When buying an investment property, there is generally a lot less emotion involved than when buying your own home. You'll want it to be in a good area, and to be a property that will produce sound yields and has potential for growth. While you also want an investment property to be good quality and nice to live in, your tastes and feelings shouldn't come into play as you won't be the one living there. However, if it's possible that down the line you will want to downsize/upsize into your investment property, you should keep this in mind when looking at potential properties.
So what do you need to consider when purchasing an investment? Here's a handy breakdown.
Capital growth and rental income
The reason you invest in anything is to make money, so capital growth is the most important thing. Where are you buying? What is around? Is there potential for more development, or will demand outstrip supply? These are the questions that will generally increase your value if you choose somewhere with them in mind.
If you want to put a figure on it, purchase properties that have the potential to double in value every seven to ten years.
Rental income is the other important factor. You want to purchase a property that will consistently rent so you can ensure a steady cash flow. You should also have the ability to increase the rental return each year if desired.
Both capital growth and rental income rely on a number of factors.
- Recent sales prices in the area
- Current rental prices in the area
- Interest in the area – current and predicted future interest. Do your research, and find out what areas do well in the rental market.
- The type of property
- The amenities of the building if it's an apartment.
While it’s not a home for you, it will still be a home for someone and so it should appeal to a broad range of possible tenants. Is it clean, in good condition and does it have a good layout? The property should flow from room to room; if it's not configured correctly, it may put tenants off.
Remember to also consider the age and condition of the property and facilities, as well as the common areas. Check the condition of the roof, the structure and the gardens. Make sure there are no leaks or dampness in the property, and that no major works need to be done before you can rent it out (unless you have taken this into consideration both financially and timewise).
If it can be rented out as is then that's great, but potential to renovate or revamp in the future should also be considered. The ability to add value to the property is a good tick, as it will increase rental returns. Don't immediately write off a property just because it needs a paint job or the kitchen cabinets need to be replaced - these are small fixes that can be done straightaway with the prospect of bringing in higher rent.
You also want the property to appeal to a number of tenants. Remember, competition not only means you'll have the pick of the bunch when it comes to choosing a tenant but it also potentially means higher rents.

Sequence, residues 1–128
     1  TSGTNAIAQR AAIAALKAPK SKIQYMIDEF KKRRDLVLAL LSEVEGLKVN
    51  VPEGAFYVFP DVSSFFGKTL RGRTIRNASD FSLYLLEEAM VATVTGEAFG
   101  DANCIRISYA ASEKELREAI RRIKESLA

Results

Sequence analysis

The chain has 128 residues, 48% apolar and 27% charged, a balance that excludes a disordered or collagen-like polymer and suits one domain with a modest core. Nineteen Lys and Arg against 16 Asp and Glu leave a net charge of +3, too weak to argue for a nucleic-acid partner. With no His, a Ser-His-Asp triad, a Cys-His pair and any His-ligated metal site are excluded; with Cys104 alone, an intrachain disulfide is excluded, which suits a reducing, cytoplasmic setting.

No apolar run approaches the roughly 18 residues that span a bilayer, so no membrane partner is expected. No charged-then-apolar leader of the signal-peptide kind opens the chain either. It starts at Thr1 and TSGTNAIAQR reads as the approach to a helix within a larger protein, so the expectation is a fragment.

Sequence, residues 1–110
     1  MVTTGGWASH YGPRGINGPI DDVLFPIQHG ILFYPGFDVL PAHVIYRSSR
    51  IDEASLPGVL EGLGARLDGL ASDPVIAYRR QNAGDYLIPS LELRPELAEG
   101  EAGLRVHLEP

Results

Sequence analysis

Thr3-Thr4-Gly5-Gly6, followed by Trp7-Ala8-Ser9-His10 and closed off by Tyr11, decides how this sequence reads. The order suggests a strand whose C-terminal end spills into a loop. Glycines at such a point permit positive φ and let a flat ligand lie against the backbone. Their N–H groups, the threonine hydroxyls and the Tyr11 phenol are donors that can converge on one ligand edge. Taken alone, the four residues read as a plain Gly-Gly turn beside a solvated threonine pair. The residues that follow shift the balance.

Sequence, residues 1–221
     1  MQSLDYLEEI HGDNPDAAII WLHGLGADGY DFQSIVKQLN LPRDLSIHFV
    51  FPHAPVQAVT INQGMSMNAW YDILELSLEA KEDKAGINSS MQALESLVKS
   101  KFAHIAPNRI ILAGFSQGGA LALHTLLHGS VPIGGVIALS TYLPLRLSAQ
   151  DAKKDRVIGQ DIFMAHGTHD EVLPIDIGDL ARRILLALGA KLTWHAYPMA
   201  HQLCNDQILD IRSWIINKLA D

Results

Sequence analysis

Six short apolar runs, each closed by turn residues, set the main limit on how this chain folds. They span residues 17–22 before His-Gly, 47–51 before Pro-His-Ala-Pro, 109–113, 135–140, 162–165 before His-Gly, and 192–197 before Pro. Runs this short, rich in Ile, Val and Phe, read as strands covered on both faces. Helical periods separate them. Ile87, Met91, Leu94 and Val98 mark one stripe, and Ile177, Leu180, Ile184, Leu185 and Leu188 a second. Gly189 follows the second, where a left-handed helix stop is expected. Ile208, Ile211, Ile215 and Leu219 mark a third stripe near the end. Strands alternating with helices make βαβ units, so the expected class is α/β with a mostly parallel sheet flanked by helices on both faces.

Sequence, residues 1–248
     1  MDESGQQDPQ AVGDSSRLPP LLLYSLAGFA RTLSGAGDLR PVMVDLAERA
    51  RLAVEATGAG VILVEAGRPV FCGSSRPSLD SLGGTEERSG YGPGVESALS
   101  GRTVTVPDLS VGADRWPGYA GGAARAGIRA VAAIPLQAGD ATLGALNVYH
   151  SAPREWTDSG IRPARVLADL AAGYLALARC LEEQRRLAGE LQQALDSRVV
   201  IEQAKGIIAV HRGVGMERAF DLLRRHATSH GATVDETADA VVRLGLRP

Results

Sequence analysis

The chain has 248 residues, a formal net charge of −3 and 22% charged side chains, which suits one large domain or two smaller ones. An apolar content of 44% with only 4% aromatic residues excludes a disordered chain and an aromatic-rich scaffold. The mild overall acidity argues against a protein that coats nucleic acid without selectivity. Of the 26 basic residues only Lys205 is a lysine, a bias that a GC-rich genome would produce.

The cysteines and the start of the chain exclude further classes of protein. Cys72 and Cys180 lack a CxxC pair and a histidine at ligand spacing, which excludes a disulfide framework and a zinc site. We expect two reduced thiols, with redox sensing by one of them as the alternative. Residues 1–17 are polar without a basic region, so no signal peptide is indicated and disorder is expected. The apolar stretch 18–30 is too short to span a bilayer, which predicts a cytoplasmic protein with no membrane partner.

It's recommended that you don't purchase an investment property in a location that you're not familiar or comfortable with. If you're purchasing out of your home city, do the research. The same goes for if you're purchasing across town. Look at the other properties that are for sale and renting in the area, and speak to the local real estate agents for insights.
Once you've decided where you'll be investing, there are still loads of elements to consider:
- What side of the street is it on, and is that side more favourable?
- What is the proximity to the CBD or business area?
- What is the proximity to local schools?
- Where are the local shops? Are they in walking distance, or will tenants have to get in the car or on the bus to buy a carton of milk?
- How close is it to public transport options?
- What other amenities are close by?
With any rental property, you want it to appeal to the most amount of tenants. Look for properties that offer that little something extra, like a second bathroom or a lock-up garage. Also look at properties that appeal to many segments. Whether it's a young couple, a small family or retirees, you want your property to appeal to all markets.
For example, a building with level access and a lift will appeal to a retiree, as they may not be able to manage stairs too much longer. However, it will also appeal to a young couple looking to start a family. With a baby and groceries to manage, the lift will be much more attractive than three flights of stairs.
Remember it's a long-term investment
Investing in property is not a short-term matter - you should be in it for the long haul. It's important to make sure you can maintain payments over the length of ownership, and while rent will be coming in, it's important to budget for if the rent doesn't cover the mortgage, bills, rates as well as any other issues that may pop up. Always have a backup finance option in place in case circumstances change, such as the property is uninhabitable for a short period of time or the local property rentals change.